In order to simulate a brief real-world encounter while minimising the influence of the content of the conversation on learning/remembering, videos were constructed in which identities spoke in languages other than English (predominantly German or Dutch), while participants were recruited from countries where English is the primary language (the USA, the UK, Australia, Canada, and New Zealand). However, it is possible that a small number of participants understood what one or more of the targets were saying, and conversely, it may be that some participants did not have the sound enabled during the task (although they were instructed to do so). While previous research has demonstrated the beneficial role of motion in learning new faces (Lander & Bruce, 2003; Lander & Davies, 2007), to my knowledge, there is no research investigating whether the presence of speech aids face learning. In the current experiment, enabling sound during learning may simply have better captured participants’ attention, although it is possible that an additional understanding of what the identities were saying (while likely infrequent due to recruitment restrictions) could have helped with learning those particular faces. Even so, future research may consider whether the inclusion of additional information learned through speech could benefit learning and later recognition.

Regarding the time taken to forget, it is worth noting that the identities used here were national celebrities, chosen for logistical reasons—the availability of both naturalistic images and video interviews. As such, it may be the case that these people were not representative of the general population in terms of attractiveness and/or distinctiveness, both of which are known to affect face memory (e.g., Wiese, Altmann & Schweinberger, 2014). Therefore, although the learning paradigm used here was designed in order to improve ecological validity in comparison with previous work, it may be that further improvements could be made regarding the selection of the identities to be learned.

In the current work, each participant was only tested once, with the delay interval varying across the sample. A necessary limitation of this design was its inability to observe within-participant memory decay and how this process may vary across individuals. An alternative method of exploring the process of forgetting, therefore, would be to utilise a within-subjects design, whereby each participant was tested at various intervals throughout the week. Although certainly a more powerful approach statistically, the issue with this procedure is that participants would be exposed to the faces during each test session. Such exposures would likely remind participants of the faces to be remembered (even if different images were used) and would therefore reinforce their memories artificially and improve accuracy on subsequent tests. Related, it is widely known that testing itself aids learning (Larsen, Butler & Roediger III, 2009), even when no feedback is given (Roediger III & Karpicke, 2006; for a review, see Roediger III & Butler, 2011). As a result, simply testing participants throughout the week would artificially increase their performance and prevent the typical process of forgetting. In order to track forgetting over multiple timepoints for a single individual, a different paradigm may be required.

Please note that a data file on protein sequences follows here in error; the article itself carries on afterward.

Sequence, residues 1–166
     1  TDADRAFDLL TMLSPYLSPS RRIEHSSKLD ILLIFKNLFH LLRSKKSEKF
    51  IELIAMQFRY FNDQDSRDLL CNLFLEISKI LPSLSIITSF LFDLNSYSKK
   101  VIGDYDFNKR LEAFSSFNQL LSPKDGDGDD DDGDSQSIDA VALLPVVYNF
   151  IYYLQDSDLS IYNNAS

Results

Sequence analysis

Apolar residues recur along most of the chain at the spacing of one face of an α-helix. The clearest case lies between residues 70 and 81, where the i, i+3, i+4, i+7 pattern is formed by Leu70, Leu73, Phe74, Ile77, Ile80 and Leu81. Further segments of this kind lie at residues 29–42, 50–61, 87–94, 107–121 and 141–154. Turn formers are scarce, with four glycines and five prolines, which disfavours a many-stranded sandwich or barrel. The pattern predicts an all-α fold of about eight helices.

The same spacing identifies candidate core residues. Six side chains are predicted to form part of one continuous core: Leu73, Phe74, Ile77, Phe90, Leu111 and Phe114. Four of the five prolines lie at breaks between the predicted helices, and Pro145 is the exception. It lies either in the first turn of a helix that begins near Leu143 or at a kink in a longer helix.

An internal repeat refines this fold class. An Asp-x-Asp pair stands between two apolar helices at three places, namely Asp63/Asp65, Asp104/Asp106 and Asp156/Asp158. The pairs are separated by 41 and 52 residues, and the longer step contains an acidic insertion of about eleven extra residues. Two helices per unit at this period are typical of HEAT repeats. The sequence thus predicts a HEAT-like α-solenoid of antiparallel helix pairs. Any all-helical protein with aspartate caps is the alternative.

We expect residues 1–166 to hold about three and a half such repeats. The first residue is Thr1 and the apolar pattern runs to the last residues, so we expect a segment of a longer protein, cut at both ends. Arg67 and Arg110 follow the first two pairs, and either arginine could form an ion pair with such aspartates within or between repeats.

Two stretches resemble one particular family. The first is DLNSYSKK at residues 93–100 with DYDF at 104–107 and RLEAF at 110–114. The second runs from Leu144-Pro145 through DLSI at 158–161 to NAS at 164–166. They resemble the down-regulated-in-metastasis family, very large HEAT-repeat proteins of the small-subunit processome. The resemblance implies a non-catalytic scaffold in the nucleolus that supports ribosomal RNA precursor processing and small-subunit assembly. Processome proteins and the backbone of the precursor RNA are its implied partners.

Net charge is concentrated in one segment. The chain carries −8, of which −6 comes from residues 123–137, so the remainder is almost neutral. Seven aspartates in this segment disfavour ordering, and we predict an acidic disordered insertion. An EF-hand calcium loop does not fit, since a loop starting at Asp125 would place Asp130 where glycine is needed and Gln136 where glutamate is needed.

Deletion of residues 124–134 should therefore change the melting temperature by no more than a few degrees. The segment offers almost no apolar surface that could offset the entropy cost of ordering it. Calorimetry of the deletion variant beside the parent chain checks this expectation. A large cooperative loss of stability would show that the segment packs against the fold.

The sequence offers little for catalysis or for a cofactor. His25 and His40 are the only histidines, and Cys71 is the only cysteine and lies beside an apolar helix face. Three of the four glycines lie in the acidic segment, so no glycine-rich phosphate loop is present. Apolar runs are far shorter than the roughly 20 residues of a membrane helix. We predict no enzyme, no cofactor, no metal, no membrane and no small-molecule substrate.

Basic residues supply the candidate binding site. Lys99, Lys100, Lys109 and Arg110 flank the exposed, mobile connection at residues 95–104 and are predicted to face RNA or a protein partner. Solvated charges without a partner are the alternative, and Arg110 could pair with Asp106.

In sum, this experiment adds to the sparse literature on the longitudinal process of forgetting faces. Across seven days, I found that the majority of forgetting took place in the first 24 hours, with no significant detriment after that period. In addition, self-reported face recognition ability, and to a lesser extent personality, was predictive of task performance, and these associations remained unchanged across delay intervals. Given that real-world forgetting takes place over much longer time periods than typical studies consider, there is a growing need for research investigating how face recognition deteriorates over the long term.

Supplemental Information

Summary data about both the participants and stimuli featured in the experiment

DOI: 10.7717/peerj.11828/supp-1

Raw data for the experiment for each condition

DOI: 10.7717/peerj.11828/supp-2